Bank holding companies would not be allowed to dip below the strict capital standards of their federally insured bank units, under a proposal issued by U.S. bank regulators on Tuesday.
Advocates of this approach argue bank holding companies relied too heavily on their insured banking units as a source of capital strength during the 2007-2009 financial crisis, leading to government bailouts.
The rule proposed by the Federal Deposit Insurance Corp and other banking regulators on Tuesday would set a uniform risk-based capital floor across the banking industry, but will not necessarily spark any capital raising in the short term.
U.S. banks, pushed in part by industry regulators, have already built large reserve pools of capital in the wake of the financial crisis.
This should have been in place years ago. I'm not saying it would have stopped the crisis, but it would have helped to hold bank holding companies to the same standards, said Paul Miller, bank analyst at FBR Capital Markets.
The FDIC is required to take the action under the Collins amendment in this year's Dodd-Frank financial overhaul law.
It is just one of the myriad capital rules that banks are facing in the coming months and years, as regulators roll out strict international standards following the financial crisis.
FDIC Chairman Sheila Bair, a self-described capital hawk, worked closely with Senator Susan Collins to include the amendment.
Bair wrote in a letter to Collins in May that bank holding companies were relying on their insured depository institutions as a source of capital strength when the opposite should have been the case.
The Basel II international capital agreement could have worsened the situation. Although never utilized by U.S. banks once the crisis erupted, those rules would have allowed the largest institutions to have a big say in setting their minimum risk-based capital levels, instead of complying with a uniform capital floor.
Bair has argued those rules would have allowed firms like Washington Mutual, which collapsed in 2008 in the largest U.S. bank failure ever, to have had even less capital going into the financial crisis.
The Collins Amendment, in my view, will do more to strengthen the capital of the U.S. financial system than any other section of the Act, Bair said on Tuesday. Large financial institutions need the capital strength to stand on their own without government assistance.
The FDIC voted to put the proposal out for 60 days of comment, seeking feedback on how it should be implemented.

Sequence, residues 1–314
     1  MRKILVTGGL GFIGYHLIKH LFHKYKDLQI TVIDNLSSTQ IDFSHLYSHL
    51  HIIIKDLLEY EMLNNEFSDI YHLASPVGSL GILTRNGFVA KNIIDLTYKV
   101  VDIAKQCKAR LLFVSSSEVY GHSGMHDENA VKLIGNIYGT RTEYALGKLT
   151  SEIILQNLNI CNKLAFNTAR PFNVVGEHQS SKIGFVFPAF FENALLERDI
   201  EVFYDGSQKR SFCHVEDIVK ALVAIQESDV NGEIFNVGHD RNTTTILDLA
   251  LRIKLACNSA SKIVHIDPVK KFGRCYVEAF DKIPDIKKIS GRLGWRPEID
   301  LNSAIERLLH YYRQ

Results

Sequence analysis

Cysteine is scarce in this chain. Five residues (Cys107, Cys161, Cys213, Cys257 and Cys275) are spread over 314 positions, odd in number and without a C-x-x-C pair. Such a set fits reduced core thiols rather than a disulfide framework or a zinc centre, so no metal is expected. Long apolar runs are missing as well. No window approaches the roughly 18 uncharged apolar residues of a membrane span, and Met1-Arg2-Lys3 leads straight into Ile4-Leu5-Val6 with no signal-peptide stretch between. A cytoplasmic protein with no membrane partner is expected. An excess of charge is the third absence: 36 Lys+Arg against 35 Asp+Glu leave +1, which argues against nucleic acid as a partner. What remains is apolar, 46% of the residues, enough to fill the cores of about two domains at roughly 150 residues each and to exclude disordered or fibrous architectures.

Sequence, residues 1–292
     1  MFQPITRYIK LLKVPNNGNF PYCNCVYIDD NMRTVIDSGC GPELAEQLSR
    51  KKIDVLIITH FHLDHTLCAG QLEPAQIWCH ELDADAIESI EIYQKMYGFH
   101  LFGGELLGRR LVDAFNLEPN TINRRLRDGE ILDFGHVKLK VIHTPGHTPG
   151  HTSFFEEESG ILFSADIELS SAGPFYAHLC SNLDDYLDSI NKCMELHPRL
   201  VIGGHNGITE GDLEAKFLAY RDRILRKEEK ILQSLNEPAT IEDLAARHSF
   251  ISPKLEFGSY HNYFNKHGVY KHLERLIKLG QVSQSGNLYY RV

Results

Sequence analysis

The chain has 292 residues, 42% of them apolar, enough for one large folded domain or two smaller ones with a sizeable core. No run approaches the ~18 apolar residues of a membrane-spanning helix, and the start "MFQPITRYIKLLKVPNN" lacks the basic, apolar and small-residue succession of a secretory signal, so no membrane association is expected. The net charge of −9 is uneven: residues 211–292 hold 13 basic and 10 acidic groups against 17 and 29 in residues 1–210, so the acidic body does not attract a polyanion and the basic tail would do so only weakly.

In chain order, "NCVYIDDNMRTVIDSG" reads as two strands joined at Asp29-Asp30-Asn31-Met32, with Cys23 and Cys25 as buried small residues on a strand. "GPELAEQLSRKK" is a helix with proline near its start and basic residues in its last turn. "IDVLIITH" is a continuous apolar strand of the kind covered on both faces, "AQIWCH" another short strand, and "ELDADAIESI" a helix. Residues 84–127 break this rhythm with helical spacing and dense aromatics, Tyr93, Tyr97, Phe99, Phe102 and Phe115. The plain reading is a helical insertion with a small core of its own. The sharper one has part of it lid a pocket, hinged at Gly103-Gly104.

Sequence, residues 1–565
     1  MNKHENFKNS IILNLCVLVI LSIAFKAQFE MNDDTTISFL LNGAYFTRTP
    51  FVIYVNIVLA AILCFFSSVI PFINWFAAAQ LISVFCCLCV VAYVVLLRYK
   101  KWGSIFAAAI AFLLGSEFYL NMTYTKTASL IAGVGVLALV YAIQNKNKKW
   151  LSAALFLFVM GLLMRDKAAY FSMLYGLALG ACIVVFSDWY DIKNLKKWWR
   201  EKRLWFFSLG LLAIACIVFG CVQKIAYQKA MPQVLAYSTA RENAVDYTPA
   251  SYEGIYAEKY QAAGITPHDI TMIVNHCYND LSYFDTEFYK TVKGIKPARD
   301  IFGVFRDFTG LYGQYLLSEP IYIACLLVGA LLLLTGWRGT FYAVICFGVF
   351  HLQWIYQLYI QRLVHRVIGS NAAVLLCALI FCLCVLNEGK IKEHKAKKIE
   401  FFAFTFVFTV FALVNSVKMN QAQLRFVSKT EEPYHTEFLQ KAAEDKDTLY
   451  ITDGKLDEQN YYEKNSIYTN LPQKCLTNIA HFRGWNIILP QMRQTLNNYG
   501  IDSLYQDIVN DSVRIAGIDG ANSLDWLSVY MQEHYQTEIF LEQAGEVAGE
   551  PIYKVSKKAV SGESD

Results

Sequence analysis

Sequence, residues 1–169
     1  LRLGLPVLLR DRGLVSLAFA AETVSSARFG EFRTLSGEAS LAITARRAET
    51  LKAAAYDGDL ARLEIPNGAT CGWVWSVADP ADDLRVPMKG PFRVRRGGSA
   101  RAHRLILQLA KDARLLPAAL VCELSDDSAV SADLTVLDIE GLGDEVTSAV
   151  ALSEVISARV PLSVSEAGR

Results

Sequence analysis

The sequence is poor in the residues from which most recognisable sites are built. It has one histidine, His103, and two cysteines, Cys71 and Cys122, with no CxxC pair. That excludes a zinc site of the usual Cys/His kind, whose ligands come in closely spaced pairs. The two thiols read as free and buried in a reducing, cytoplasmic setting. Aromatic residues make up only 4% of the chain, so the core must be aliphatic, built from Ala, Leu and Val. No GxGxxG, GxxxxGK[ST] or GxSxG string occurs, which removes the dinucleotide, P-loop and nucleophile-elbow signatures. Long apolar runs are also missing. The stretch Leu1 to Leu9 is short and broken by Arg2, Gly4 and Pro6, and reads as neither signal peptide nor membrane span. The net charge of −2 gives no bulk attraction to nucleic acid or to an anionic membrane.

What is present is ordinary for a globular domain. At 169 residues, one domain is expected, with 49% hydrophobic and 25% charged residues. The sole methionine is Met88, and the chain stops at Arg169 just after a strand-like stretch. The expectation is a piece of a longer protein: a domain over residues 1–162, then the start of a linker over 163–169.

The new capital floor would also apply to any non-bank institution that regulators deem important to the financial system and therefore subject to supervision by the Federal Reserve.
RISK, BUDGET MEASURES
The FDIC also approved stricter standards on how banks assess risks associated with their trading books when determining how much capital they have to hold. Banks would have to assume a time of economic stress in gauging risk.
The largest U.S. lenders, such as Bank of America and Citigroup, are preparing for new international capital rules called Basel III, which will be phased in over the next several years, requiring banks to maintain an 8 percent core capital ratio.
A question surrounding the FDIC proposal is how it will mesh with Basel III, which was endorsed in November by leaders from the Group of 20 developed and emerging nations.
An FDIC official told reporters that U.S. rules implementing Basel III would only go further than Tuesday's proposal. That's pretty much a slam dunk with Basel III, they're going to be higher.
Also on Tuesday, the FDIC approved a final rule setting a much higher long-term target for the minimum level of its insurance fund.
The fund's reserve ratio measures its balance versus the amount of insured deposits, and is used to cover the cost of bank failures. The board set a 2 percent reserve ratio as its long-term goal.
The Dodd-Frank law sets the minimum ratio at 1.35 percent and the agency has 10 years to hit that target.
Banks have complained the 2 percent goal is too high and the money they contribute to the fund could be better used for lending and other activities.
The FDIC also approved its 2011 operating budget, which at $4 billion is slightly less than in 2010. It is the first time in four years the budget has failed to increase, a sign that the wave of bank failures that followed the financial crisis is slowing down.
(Reporting by Dave Clarke; Additional reporting by Joe Rauch in Charlotte, N.C.; Editing by Tim Dobbyn)